Convergence Culture by Henry Jenkins

"Convergence" is the "paradigm shift" of the last few years.  The word gets bandied about a lot in the media world, but seems to have no set definition.   I first heard it applied to the idea that someday soon all home media consumption -- Internet, television, music, gaming, and movies  -- would take place on a single black box in the living room that would take the place of the home PC, television, stereo, gaming console and DVD player.  Microsoft created its X-Box console with just this type of convergence in mind.  It wouldn't be just a device to play games on, but the centerpiece of all home entertainment.  Technologically, this wasn't such a stretch.  Sociologically, though, it was, and it never happened.  If anything, the marketplace is filled with an even more bewildering array of electronic gadgets today.  With this style of convergence effectively dead, the word has gone on to take on a host of possible definitions.  I sometimes get the disconcerting feeling that even many of those who use the word are doing so mainly because it is expected and somehow makes them feel good about whatever agenda they happen to be promoting.

This brings us to MIT Media Studies Professor Henry Jenkins and his 2006 book Convergence Culture.  Jenkins knows exactly what he means by the term convergence, and his definition is much more complex, subtle, and interesting than the old one.  Jenkins is not interested in the hardware level at all, but rather looks at looks at trends in media over the past decade on the macro level.  He uses the term to refer to two principal trends: the tendency of modern media creations to attract a much greater degree of audience participation than ever before, to the point that some are actually influenced profoundly by their fanbase, becoming almost a form of interactive storytelling; and the phenomenon of a single franchise being distributed through and impacting a range of media delivery methods.  These two trends go together, making it very hard to pull them apart and examine them separately.  Therefore, and on the assumption that the best teacher is a solid example, Jenkins doesn't try.  He rather divides the body of his book into six substantial chapters, each examining in detail a single franchise.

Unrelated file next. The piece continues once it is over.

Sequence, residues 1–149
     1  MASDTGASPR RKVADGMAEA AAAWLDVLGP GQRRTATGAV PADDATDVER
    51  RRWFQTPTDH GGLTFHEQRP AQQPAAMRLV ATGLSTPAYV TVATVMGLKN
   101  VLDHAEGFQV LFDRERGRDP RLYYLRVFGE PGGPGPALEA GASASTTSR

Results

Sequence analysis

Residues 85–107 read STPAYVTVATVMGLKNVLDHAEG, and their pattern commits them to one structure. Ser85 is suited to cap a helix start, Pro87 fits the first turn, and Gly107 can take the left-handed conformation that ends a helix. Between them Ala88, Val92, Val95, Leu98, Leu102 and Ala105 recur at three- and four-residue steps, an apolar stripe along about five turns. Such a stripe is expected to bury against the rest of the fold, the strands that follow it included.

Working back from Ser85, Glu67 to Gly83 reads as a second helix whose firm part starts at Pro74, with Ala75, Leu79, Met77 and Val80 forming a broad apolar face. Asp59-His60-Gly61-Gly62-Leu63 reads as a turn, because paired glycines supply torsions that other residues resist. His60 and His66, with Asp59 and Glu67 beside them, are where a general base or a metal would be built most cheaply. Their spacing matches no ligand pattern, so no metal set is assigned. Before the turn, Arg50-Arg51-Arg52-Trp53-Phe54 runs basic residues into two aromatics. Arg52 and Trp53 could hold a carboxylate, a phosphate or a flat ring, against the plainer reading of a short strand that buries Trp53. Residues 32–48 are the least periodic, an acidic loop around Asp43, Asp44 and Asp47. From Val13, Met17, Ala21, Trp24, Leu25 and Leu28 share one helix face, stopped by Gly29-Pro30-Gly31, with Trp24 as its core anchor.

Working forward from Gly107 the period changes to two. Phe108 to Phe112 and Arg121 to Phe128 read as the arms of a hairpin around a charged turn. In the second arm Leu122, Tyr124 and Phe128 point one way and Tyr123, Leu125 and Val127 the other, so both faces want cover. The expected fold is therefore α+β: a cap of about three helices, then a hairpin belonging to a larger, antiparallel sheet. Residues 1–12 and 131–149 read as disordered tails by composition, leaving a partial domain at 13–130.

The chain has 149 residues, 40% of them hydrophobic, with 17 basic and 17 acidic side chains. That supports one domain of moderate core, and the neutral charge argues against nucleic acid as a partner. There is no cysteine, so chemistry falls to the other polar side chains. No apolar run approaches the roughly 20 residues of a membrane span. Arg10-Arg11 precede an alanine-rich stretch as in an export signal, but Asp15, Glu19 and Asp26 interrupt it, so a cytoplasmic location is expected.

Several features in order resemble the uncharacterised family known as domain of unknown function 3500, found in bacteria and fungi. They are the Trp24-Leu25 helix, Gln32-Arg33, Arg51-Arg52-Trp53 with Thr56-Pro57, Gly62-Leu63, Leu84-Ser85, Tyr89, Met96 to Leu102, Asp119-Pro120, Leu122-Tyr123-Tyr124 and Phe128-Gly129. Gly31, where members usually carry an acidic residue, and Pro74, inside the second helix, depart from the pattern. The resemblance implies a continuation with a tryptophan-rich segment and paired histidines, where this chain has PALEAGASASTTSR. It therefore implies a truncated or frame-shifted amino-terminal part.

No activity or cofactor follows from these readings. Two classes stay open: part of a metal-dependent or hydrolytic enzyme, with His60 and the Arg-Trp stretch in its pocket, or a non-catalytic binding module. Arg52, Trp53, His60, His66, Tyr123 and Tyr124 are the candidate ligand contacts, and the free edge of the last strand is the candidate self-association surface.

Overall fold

His first subject of study is the reality television show Survivor.  When it appeared in 2000, it was the first of its kind on American television and, for better or for worse, caused both quite a sensation and the inevitable stream of copycats.  Jenkins focuses on the community of so-called "Survivor spoilers" which sprang up in its wake.  Taking advantage of the fact that the entire season-long contest is filmed months before it appears on television, these people go to incredible lengths to penetrate the show's veil of secrecy and "spoil" each episode before it airs by publicizing the results.  To do so, they use both the softest means, such as psychological analysises of the contestants, and the hardest.  Jenkins describes one spoiler who has formed a liaison with a satellite imaging company, and uses their data to search out contest sites before they have been announced.  The spoiler community quickly began to influence the production staff of the show.  What has followed since is an intricate game of cat and mouse worthy of a spy novel.  As an example, Jenkins describes how the production staff hid a picture away on a cranny of the Survivor website's server where the ever-snooping spoilers would be sure to find it.  Said picture had red Xs over some contestants, presumably those soon to lose by being voted off the island.  It seemed a gold mine to the spoiler community... until the next episode aired and did not follow this intelligence at all.  The picture had apparently been a deliberate plant.  Since then, both sides have gotten even more devious, as the show has become a closed feedback loop, with both its producers and the spoilers responding to the efforts of the other.  Ratings, meanwhile, just continued to increase for each of Survivor's first few seasons.